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California Prison Guards Lose Unlimited “Time Bank” For On-The Job Union Business

California Prison Guards Lose Unlimited "Time Bank" For On-The Job Union Business

by Marvin Mentor

The California Correctional Peace Officers Association (CCPOA) lost its bid to undo a cap on its contract provision permitting rank-and-file members to donate unused leave (minimum of two-hour increments) to fellow prison guards to cover their pay while they instead conducted official union business on the job. Referred to as the "release time bank" (RTB), the account accrued hours of donated paid leave (except sick leave)over the 2001-2006 term of the contract, subject to a 10,000 hour cap.

However, the CCPOA charged a whopping 122,387 hours -- 112,387 (over $3 million worth) in excess of the contract provision. [Some guards reportedly used so much RTB time on union business that for years they never worked their posts.] The Department of Personnel Administration (DPA) failed to catch this overrun until May 20, 2005, when it issued a cease-and-desist letter and ordered any guards doing such union business to instead return to their posts. The CCPOA replied that the 10,000 hour cap had been previously removed in a contract "side-letter," which was properly approved by the state Legislature. They submitted the DPA action to arbitration per their union contract.

The arbitrator found that there were not one, but two paragraphs in the contract that announced the 10,000 hour cap. She further found that one of those two paragraphs had been previously properly amended to eliminate the cap language. However, the arbitrator found that the remaining paragraph nonetheless retained the limitation, and ruled against the CCPOA.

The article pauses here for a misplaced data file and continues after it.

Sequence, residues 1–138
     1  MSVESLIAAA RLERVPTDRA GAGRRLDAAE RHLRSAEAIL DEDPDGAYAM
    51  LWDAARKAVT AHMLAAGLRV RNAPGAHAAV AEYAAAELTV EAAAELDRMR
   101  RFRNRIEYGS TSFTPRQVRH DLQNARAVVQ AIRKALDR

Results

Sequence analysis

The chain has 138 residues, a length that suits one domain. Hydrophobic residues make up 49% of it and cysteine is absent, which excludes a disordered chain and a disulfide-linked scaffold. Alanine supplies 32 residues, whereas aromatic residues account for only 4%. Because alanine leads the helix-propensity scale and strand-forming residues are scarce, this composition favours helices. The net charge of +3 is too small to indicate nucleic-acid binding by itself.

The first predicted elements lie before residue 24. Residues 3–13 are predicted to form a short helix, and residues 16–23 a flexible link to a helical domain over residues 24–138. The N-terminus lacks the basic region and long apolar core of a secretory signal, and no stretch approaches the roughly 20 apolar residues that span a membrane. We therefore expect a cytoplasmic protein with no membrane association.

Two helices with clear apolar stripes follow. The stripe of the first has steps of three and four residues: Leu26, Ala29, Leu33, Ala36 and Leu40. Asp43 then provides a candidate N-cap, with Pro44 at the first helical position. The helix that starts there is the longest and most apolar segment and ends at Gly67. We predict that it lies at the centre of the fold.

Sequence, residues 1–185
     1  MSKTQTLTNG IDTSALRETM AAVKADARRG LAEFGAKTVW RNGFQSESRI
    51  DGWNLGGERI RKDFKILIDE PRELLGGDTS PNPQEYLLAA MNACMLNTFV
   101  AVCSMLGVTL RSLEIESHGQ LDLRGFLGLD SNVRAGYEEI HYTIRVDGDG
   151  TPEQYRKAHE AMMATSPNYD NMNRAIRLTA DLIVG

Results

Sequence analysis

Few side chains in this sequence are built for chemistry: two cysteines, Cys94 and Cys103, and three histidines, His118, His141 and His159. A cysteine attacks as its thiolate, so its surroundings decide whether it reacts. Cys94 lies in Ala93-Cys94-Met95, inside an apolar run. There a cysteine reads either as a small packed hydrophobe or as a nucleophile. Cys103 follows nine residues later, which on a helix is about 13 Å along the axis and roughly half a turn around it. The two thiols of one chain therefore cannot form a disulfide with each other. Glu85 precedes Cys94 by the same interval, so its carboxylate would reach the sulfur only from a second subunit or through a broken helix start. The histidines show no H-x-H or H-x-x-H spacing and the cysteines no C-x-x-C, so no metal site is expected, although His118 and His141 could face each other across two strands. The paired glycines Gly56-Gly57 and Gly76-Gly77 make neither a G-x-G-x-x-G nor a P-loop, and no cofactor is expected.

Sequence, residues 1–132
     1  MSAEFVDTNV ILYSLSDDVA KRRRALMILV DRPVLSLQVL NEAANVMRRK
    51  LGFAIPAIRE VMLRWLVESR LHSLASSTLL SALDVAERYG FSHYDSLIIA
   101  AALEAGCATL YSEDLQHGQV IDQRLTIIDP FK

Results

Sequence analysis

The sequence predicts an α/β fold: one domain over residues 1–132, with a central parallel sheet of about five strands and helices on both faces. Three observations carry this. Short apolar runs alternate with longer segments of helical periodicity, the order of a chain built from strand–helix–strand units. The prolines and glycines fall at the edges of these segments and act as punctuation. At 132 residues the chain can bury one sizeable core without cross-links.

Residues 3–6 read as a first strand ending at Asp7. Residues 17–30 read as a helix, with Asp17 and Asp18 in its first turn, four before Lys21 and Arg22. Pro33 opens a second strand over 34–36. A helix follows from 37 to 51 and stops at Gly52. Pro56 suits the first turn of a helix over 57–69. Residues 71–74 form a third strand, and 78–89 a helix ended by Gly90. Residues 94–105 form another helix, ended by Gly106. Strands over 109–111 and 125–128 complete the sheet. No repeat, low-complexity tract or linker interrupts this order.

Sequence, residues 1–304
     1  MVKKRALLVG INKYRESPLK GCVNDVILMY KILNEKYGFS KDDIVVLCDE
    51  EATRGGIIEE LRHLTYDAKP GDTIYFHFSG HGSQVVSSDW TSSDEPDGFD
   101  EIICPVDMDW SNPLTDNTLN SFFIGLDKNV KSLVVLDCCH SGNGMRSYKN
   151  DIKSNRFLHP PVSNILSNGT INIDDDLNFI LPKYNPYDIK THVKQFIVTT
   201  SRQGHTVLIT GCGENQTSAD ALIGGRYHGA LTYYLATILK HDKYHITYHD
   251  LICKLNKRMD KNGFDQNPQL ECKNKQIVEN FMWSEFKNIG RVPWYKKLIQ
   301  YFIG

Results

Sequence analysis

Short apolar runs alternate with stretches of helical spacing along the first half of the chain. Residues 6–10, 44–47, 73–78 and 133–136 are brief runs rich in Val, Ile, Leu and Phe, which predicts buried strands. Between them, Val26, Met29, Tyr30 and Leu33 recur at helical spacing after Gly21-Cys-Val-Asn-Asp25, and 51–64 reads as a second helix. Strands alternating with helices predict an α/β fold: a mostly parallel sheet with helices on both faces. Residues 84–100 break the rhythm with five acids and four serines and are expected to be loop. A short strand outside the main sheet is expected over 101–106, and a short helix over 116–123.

The CCPOA sued in superior court, arguing that the arbitrator had exceeded her authority in ignoring the amendment of the first paragraph. They denominated the failure to include the second paragraph in the amendment a "scrivener's error."

But the CCPOA's tough contract provisions proved to be their own undoing. The court ruled that per the contract, the only legal way to get the now undesired second paragraph's language out of the contract was to utilize the same mechanism they had used to amend the first paragraph: a signed agreement with the express language given to the Legislature to approve.

The Court of Appeal affirmed on the grounds that the controlling state labor act (Dills Act) required legislative oversight of state employee contracts. See: Department of Personnel Administration v. California Correctional Peace Officers Association, 152 Cal.App.4th 1193, 62 Cal. Rptr.3d 110 (2007).

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Related legal case

Department of Personnel Administration v. California Correctional Peace Officers Association